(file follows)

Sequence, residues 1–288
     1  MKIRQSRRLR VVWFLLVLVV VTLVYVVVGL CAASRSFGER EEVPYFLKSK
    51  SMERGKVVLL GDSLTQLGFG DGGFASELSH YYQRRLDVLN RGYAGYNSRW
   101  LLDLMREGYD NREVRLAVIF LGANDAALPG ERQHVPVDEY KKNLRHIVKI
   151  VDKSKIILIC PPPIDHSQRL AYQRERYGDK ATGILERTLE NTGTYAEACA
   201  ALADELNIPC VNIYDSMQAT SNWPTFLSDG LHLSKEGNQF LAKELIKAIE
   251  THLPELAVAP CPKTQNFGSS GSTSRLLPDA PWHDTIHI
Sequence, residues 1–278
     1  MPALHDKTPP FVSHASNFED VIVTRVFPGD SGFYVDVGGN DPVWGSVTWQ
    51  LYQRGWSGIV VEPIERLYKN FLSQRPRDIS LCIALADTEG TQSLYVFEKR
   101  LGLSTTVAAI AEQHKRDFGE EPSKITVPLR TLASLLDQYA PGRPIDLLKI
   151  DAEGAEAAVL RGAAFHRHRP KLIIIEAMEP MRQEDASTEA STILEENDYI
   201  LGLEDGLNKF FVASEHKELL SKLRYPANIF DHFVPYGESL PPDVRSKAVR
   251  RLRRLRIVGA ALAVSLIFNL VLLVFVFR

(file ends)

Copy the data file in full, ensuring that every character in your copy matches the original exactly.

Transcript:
Sequence, residues 1–288
     1  MKIRQSRRLR VVWFLLVLVV VTLVYVVVGL CAASRSFGER EEVPYFLKSK
    51  SMERGKVVLL GDSLTQLGFG DGGFASELSH YYQRRLDVLN RGYAGYNSRW
   101  LLDLMREGYD NREVRLAVIF LGANDAALPG ERQHVPVDEY KKNLRHIVKI
   151  VDKSKIILIC PPPIDHSQRL AYQRERYGDK ATGILERTLE NTGTYAEACA
   201  ALADELNIPC VNIYDSMQAT SNWPTFLSDG LHLSKEGNQF LAKELIKAIE
   251  THLPELAVAP CPKTQNFGSS GSTSRLLPDA PWHDTIHI
Sequence, residues 1–278
     1  MPALHDKTPP FVSHASNFED VIVTRVFPGD SGFYVDVGGN DPVWGSVTWQ
    51  LYQRGWSGIV VEPIERLYKN FLSQRPRDIS LCIALADTEG TQSLYVFEKR
   101  LGLSTTVAAI AEQHKRDFGE EPSKITVPLR TLASLLDQYA PGRPIDLLKI
   151  DAEGAEAAVL RGAAFHRHRP KLIIIEAMEP MRQEDASTEA STILEENDYI
   201  LGLEDGLNKF FVASEHKELL SKLRYPANIF DHFVPYGESL PPDVRSKAVR
   251  RLRRLRIVGA ALAVSLIFNL VLLVFVFR